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Ones to Watch | By Ann Loftin

Chop’t Creative Salad Co.
Chop't Creative Salad Co.

Tony Shure and Colin McCabe, best friends and business partners, go way back. They went to the same school in New York City. Friendly but distant at school, they grew close after finding themselves, by pure coincidence, both freshmen at the University of Wisconsin in Madison. One of the things they had in common was dismay at the food choices there. Neither had a business background—Tony was an English major and Colin majored in Italian—but they quickly decided they would start a restaurant after college. And after a six-month stint of restaurant management in Denver, they came back to New York and put the plan in motion.

Salad was always at the heart of the business, McCabe says. “You don’t have to eat salad,” he adds quickly. “You can eat onion rings and grilled steak. But everything we make is clean and fresh.”

Their first store, on Union Square in Manhattan, was an immediate hit. Shure and McCabe even appointed a “lettuce bouncer,” one person who goes through every leaf. They also clean all their lettuce with an organic wash, making sure it’s bone dry before serving it.

For the first few years Shure and McCabe focused intently on their Union Square store. “In the back of our heads the plan was to grow the brand, but we were so focused on creating a product and an experience that was sustainable. All our efforts for the first couple of years went toward developing food and service that was absolutely consistent. We wanted to be known for having the freshest food.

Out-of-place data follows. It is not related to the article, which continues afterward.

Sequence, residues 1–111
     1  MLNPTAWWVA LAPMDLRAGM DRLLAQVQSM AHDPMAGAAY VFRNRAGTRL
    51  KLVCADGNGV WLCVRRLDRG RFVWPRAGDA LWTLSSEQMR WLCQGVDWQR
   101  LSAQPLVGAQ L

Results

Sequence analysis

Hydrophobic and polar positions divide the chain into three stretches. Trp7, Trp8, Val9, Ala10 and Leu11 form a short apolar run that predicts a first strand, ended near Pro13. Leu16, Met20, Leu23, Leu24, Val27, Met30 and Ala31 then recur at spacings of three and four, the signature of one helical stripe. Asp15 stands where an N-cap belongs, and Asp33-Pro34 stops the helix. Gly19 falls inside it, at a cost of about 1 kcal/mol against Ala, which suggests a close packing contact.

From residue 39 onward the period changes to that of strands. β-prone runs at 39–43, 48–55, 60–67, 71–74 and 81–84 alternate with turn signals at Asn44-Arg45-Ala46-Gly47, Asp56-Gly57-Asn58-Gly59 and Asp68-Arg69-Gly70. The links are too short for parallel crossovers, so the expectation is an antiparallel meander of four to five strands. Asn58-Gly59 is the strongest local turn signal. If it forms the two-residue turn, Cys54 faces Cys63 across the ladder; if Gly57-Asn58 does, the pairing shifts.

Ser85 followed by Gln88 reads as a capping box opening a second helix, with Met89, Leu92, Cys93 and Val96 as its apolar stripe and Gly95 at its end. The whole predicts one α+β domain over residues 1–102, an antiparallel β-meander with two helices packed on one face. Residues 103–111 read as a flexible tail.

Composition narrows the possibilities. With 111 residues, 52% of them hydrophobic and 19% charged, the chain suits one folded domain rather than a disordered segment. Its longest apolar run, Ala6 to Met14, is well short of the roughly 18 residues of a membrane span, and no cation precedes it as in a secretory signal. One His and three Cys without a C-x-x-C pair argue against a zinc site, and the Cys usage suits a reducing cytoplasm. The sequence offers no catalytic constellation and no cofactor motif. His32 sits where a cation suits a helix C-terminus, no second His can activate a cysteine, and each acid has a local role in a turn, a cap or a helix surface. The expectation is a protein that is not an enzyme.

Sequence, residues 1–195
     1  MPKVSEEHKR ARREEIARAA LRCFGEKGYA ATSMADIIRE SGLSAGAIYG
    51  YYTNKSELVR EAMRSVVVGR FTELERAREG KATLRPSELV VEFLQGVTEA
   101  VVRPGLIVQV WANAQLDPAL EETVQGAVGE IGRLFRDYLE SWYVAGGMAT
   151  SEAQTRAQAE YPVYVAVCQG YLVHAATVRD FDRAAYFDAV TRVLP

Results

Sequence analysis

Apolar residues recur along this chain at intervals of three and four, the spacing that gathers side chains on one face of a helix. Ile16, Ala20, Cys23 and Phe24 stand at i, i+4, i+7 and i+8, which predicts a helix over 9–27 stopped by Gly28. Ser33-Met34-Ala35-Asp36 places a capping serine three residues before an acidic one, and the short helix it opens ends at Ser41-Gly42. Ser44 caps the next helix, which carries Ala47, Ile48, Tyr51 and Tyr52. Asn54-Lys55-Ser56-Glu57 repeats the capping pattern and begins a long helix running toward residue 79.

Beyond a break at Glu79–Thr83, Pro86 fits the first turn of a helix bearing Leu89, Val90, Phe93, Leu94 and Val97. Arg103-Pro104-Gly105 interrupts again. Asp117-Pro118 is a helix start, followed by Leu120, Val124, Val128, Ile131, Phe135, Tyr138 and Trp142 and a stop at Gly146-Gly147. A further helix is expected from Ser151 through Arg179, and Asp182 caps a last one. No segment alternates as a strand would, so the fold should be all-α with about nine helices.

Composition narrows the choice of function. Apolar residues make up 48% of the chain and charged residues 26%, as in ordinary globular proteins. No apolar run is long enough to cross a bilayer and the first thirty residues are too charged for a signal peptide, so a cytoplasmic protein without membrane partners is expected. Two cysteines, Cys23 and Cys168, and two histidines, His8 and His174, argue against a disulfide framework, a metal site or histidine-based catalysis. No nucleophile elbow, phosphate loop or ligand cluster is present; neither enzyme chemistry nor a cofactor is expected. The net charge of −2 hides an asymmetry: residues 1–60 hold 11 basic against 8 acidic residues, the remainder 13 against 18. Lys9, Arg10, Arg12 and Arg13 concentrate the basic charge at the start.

“We really dissected our menu to create salads that would exceed people’s expectations. We were trying to put together combinations that would be intensely crave-able to our customers.”

Customers choose from an ever-changing raft of ingredients. The “Detox Club,” for example, is one of Chop’t’s seasonal specials, which change every 60 days. It’s made from mesclun, shredded red cabbage, carrots, radishes, cucumbers, Granny Smith apples, pumpkin, and sunflower seeds. The Detox dressing uses lemon, olive oil, cayenne pepper, and maple syrup. All the salad ingredients are, as the New York Post says, “maniacally hacked into bite size pieces” by employees using “the curved blade of a mezzaluna.”

Most salads cost less than $10; all are individually tossed to order.

McCabe says they are fanatical about their food. “We roast our own turkeys, we pan fry our chicken, we boil our own beets. All our dressings are from our own recipes. And all the lettuce arrives fresh every morning. The key is to keep everything at 40 degrees or lower.”

After achieving the consistent quality they were aiming for at Union Square, the partners moved fast, opening eight more stores—six of them within a 15-month time span. Now, with annual sales averaging $2 million per store (1,700–2,000 square feet per unit) the partners say they’re edging north of $20 million in annual sales, making them the envy of their competitors.

“But we are resolute. We don’t worry about copycats or knockoffs,” McCabe says. “We just concentrate on what we’re doing, and when we do that, we find nobody can catch up with us.”

At lunch time Chop’t is jammed, with lines snaking around the building. A few famous faces have even stopped by for a bite, including Hilary Swank, Matt Damon, and Martha Stewart.

Owners: Tony Shure,

Colin McCabe

HQ: New York, NY

Year Started: 2001

Annual Sales: $20 million

Total units: 9

Franchise units: 0

www.choptsalad.com

The partners use large suppliers, like Coastal Sunbelt, but are looking into local sourcing. The problem so far, McCabe says, is that they need volume. Dozens of crates of fresh vegetables need to arrive every single day.

McCabe says they’re in negotiations for opening stores in other cities. He doesn’t rule out franchising, but says it will be farther down the line.

The founders pride themselves on having found a giant hole in the marketplace and rushed in to fill it.

“People come in and say, ‘I had this idea two years ago.’” McCabe says. “It’s always the obvious thing that resonates with people. We could have tried to come in and make a quick buck, but that would have been dishonest. We keep it honest.”

The delicate operation of keeping chopped vegetables fresh—especially lettuce—is “a humbling business,” he says. “One brown leaf can ruin the brand.”

Ann Loftin covers emerging and newly relevant brands.